Still and bitter night, our first week in this town
we hurry home along the towpath, huddled close
for warmth. Lamp-glow through the frosted branches,
cokey smoke of houseboats mingling with the vapour
on our breath, shawls of fog that hover on the oil-black water.
It’s then we see it, glowing through the mist: a spectral sculpture
propped against a tree. Wreathed in hoary moss and riverweed,
snapped twigs now icicles amid its spokes, sheathed
utterly in ice. And as we pass we can’t stop looking back,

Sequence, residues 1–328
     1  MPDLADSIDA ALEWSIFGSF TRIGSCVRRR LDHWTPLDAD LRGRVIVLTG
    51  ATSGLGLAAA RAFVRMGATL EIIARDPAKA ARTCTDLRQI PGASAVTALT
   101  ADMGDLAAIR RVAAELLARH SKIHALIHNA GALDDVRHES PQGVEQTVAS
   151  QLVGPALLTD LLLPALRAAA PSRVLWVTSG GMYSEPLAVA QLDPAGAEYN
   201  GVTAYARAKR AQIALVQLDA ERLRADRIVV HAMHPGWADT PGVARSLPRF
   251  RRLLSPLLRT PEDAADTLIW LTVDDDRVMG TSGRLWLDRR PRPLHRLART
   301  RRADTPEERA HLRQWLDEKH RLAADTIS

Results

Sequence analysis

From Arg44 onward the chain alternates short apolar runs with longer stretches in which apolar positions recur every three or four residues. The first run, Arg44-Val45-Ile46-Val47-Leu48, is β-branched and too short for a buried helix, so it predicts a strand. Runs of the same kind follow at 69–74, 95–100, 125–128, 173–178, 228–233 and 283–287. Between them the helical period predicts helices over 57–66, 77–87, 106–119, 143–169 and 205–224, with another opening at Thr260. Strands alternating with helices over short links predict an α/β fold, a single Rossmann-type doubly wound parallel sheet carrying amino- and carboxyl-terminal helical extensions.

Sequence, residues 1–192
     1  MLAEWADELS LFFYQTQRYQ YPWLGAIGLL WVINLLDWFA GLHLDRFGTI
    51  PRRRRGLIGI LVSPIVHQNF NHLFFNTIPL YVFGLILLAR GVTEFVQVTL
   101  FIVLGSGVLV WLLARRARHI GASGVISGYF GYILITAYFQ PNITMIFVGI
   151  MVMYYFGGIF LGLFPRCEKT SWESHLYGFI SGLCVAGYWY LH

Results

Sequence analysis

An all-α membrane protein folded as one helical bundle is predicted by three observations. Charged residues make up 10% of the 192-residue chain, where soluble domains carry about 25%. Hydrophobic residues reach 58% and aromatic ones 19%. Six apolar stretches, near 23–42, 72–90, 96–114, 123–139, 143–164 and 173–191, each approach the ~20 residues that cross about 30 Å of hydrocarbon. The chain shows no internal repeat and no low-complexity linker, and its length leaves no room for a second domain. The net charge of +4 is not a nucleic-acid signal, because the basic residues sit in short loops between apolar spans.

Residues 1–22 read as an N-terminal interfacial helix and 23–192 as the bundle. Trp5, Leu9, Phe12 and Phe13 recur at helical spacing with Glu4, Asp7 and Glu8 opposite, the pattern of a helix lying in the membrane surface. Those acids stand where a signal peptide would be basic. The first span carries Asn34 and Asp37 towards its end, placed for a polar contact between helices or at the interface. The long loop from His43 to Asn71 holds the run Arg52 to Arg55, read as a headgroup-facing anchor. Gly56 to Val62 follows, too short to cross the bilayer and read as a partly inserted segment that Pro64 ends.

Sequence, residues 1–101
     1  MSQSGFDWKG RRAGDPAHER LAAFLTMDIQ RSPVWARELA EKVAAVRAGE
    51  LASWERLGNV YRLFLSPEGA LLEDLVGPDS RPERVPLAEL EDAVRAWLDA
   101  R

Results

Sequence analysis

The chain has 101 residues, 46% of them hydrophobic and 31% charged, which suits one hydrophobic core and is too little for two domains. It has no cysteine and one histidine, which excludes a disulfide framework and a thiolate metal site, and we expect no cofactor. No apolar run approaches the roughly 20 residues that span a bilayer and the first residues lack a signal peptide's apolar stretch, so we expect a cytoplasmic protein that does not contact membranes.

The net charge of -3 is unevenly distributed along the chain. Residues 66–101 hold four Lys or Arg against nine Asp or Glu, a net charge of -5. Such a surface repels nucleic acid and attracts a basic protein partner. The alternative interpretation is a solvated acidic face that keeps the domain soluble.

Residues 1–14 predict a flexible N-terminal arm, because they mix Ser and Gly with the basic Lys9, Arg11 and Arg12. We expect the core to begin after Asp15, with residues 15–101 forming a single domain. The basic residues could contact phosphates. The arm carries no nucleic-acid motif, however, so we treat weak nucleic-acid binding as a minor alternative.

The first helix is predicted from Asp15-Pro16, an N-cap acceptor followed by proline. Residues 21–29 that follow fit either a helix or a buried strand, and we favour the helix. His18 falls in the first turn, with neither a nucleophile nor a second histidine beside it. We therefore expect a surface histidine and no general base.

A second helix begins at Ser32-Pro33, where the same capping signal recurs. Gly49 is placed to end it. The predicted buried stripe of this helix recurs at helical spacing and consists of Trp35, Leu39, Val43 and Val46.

as if, unprompted, we recognise our tangled pasts
have gathered there, have ossified behind us as we scurry on,
our first week in this town, laughing through the cold.
André Mangeot is a poet, short-story writer and novelist. His third poetry collection, “Blood Rain”, will be published by Seren early next year.
This article appears in the 09 Jan 2019 issue of the New Statesman, The Brexit Showdown